334. Smits, B.L.; Peterson, W.J. 1942. Carotenoids of telial galls of Gymnosporangium juniperi-virginianae, Lk. Science. 96: 210-211.
In an investigation of the pigments of the telial galls of the common rust fungus Gymnosporangium juniperi-virginianae Lk beta- and gamma-carotenes were shown to be the only carotenoids present, with the gamma-isomer predominating. The identification of gamma-carotene was based on its more characteristic properties, behavior on an adsorbent, and its absorption spectra. Neither free nor esterified xanthophylls were present, and only traces of chlorophyll. The leaves of the Juniper (Juniperus virginiana), besides containing chlorophyll, showed the presence of alpha, beta, and gamma-carotene.
335. Strong, F.C. 1948. Redcedar-apple and hawthorn rust disease control by spraying redcedars in the spring. Quarterly Bulletin of the Michigan Agricultural Experiment Station. 30(3): 283-288. 3 refs.
The use of Bordeaux 180 as a spray to control Gymnosporangium juniperi-virginianae and G. globosum on redcedar (Juniperus virginiana) and its alternate hosts (species of Hawthorn and apple) was very successful and caused no injury to foliage.
336. Strong, F.C.; Cation, D. 1940. Control of cedar rust with sodium dinitrocresylate. Phytopathology. 30: 983.
Single sprayings with sodium dinitrocresylate (Elgetol), applied on 8 May to one group of host plants and on 16 May to another, inhibited telial column extension and teliospore germination from rust galls of Gymnosporangium globosum and G. juniperi-virginianae on Juniperus virginiana, and of G. clavipes and G. clavariaeforme on J. communis. A 1 percent solution of Elgetol regular was the most effective. Exceptionally thorough spraying was necessary for positive results. No foliage injury was later apparent on J. virginiana, and only a trace of injury was apparent on some of the badly infected J. communis.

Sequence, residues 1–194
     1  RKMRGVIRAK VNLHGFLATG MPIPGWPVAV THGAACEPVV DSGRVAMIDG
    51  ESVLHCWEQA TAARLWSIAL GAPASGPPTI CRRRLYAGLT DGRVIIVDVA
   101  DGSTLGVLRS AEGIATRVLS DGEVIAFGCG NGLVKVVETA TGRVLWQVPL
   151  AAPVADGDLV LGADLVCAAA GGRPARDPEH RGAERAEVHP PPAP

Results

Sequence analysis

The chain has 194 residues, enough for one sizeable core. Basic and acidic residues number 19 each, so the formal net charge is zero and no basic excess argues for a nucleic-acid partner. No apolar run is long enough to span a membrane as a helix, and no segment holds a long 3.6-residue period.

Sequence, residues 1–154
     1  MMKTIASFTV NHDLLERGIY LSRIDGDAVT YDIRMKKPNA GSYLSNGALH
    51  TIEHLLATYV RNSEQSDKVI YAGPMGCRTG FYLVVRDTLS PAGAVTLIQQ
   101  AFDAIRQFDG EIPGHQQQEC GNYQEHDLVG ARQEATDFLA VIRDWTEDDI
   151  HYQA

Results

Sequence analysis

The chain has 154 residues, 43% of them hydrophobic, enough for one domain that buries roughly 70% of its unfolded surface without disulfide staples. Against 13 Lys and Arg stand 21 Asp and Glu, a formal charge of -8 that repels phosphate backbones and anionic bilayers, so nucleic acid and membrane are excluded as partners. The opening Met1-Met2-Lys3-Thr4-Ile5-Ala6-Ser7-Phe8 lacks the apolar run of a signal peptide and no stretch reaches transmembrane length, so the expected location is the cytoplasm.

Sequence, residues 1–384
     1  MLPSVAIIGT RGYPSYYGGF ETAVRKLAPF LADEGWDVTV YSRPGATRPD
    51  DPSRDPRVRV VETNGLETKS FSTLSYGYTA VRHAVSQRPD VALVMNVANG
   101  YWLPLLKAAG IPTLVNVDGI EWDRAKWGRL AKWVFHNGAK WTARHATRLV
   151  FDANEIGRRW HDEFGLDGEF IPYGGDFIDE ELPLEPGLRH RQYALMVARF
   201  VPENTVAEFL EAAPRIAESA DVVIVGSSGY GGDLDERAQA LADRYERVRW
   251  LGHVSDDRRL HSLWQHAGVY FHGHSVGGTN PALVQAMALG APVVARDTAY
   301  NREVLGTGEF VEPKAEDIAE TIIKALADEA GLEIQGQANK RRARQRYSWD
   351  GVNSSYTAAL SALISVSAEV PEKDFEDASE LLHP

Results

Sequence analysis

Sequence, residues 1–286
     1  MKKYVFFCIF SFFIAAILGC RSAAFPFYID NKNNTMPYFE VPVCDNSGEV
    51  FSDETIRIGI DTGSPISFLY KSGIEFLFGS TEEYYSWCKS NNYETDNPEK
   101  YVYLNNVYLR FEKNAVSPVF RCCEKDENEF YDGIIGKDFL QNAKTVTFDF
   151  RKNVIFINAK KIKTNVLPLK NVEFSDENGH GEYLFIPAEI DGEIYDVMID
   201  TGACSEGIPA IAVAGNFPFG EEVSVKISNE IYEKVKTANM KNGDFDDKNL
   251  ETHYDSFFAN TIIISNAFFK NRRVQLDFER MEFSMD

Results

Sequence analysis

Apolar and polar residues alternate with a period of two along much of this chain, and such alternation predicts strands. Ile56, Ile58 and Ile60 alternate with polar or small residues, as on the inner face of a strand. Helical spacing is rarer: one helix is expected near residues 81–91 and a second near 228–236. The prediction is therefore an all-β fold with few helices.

337. Strong, F.C.; Klomparens, W. 1955. The control of redcedar apple and hawthorn rusts with Acti-dione. Plant Disease Reporter. 39(7): 569.
Prevention of germination of the teliospores and resultant sporidia production of Gymnosporangium juniperi-virginianae was achieved by a single application of cycloheximide (Actidione) at 100 p.p.m. to galls on Juniperus virginiana in the spring. Further tests with lower concentrations in summer grade fuel oil (50 p.p.m. or 25 p.p.m. in 0.5 percent oil, applied in April), proved to be equally effective. No injury to foliage was observed.
338. Von Schrenk, H. 1900. Two diseases of red cedar, caused by Polyporus juniperinus N. sp. and Polyporus carnes Nees. Bull. 21. Washington, DC: U.S. Department of Agriculture. 29 p.
339. Waite, M.B. 1927. Apple trees attacked by cedar rust. Yearbook. Washington, DC: U.S. Department of Agriculture: 145-151.
340. Weimer, J.L. 1917. The origin and development of the galls produced by two cedar rust fungi. American Journal of Botany. 4: 241-251.
Galls produced by Gymnosporangium juniperi-virginianae and G. globosum on Juniperus
virginiana originate as modified leaves. The vascular systems of the galls are composed of the